Following the trend among many states such as California, Georgia, and Maryland that have implemented laws against using handheld devices when driving, the Florida state legislature has introduced legislation which would allow police to pull over and ticket drivers who are engaged in texting while driving.
Introduced by State Representative Rick Stark, the bill gives police officers the authority to ticket motorists who are texting while driving and assess a $30 fine. Currently, texting while driving is considered a "secondary" offense, which means that drivers may only be cited for texting if they are stopped by police for other reasons.
According to the most up to date statistics compiled by the National Highway Transportation Safety Administration (NHTSA), more than 3,000 Americans were killed in distraction-affected crashes in 2012 and an estimated 421,000 people were injured in motor vehicle crashes involving a distracted driver. Distracted driving encompasses behaviors such as texting, using a cell phone or smartphone, and watching a video. In particular, drivers who are in their 20s make up 27 percent of distracted drivers in fatal crashes. As the Federal Motor Carrier Safety Administration (FMCSA) has found, on average, drivers who text take their eyes off the road for an average of five seconds. In this amount of time, drivers who travel at a speed of 55mph will have covered the length of a football field.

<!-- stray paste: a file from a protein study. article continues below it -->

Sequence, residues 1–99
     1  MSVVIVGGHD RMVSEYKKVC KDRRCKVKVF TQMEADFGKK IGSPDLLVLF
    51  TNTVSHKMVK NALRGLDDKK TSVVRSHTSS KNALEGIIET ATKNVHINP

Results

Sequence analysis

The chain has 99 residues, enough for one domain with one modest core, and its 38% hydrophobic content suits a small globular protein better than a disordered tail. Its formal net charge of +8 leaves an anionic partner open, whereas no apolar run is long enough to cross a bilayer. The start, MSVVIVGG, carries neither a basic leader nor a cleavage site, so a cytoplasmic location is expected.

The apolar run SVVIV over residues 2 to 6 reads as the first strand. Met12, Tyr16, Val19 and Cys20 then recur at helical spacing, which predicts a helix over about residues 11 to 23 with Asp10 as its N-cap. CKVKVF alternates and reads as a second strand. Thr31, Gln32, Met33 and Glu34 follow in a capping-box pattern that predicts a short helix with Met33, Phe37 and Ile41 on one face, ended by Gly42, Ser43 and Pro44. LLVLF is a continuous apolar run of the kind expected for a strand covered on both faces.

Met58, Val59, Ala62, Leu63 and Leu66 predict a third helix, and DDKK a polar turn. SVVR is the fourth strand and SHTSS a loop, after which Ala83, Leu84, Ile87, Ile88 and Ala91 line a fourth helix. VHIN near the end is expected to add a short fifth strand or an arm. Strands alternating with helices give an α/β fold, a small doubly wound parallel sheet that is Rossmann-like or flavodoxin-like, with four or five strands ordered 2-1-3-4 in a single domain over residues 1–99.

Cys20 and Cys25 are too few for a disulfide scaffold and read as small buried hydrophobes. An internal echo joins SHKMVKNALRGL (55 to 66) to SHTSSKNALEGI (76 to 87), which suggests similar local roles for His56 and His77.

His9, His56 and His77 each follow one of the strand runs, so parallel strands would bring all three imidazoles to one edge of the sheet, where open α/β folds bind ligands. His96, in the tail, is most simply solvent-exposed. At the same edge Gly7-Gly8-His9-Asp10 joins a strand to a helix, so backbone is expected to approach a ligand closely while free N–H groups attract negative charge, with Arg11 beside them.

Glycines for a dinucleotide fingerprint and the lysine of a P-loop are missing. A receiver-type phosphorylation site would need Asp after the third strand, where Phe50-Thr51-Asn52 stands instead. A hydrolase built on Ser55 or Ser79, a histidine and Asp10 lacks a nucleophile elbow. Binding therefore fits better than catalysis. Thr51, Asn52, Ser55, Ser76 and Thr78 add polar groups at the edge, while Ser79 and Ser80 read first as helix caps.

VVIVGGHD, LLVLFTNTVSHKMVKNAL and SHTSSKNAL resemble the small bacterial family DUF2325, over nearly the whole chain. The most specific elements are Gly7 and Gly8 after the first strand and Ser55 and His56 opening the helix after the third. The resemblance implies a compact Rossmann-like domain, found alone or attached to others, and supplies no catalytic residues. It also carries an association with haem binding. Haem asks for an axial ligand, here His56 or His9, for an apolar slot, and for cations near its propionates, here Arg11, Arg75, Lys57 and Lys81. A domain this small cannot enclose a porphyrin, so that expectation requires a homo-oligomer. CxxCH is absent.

Because of the known dangers of texting while driving, federal law prohibits such behavior, limiting both private drivers from engaging in texting while driving as well as any requirements by motor carriers requiring their drivers to engage in texting while operating a moving vehicle.
In a study released by researchers from the University of Utah, simulated testing showed drivers who wrote text messages were six times more likely to crash than those who did not text while driving. Moreover, the study showed that there is a difference between conversations between the driver and passengers and cell phone conversations: the former did not substantially impair driving performance while engaging in the latter activity had detrimental effects. Yet, even more dangerous than either of these activities is text messaging, which is increasingly popular among all age groups.
When drivers attempt to divide attention from driving to texting, the processing priority of the two activities forces drivers to switch their attention from one task to the other. As drivers compose, read, or receive a text, their reaction times to external factors while driving are slowed, affecting results like brake onset time, following distance and lane maintenance. For example, when drivers switch their attention to text messaging, their reaction times to braking events are delayed. Activities such as text messaging are also often performed for extended periods which increases the window of time that drivers will be impaired. All these factors combine to increase crash risk and the likelihood of collisions.
At The Pittman Firm, we are strong proponents of safe driving which means limiting behaviors that make the roads dangerous for not only the driver and a vehicle's occupants, but for all motorists on the roads. If you have been injured in an auto accident, contact us today for assistance on your case.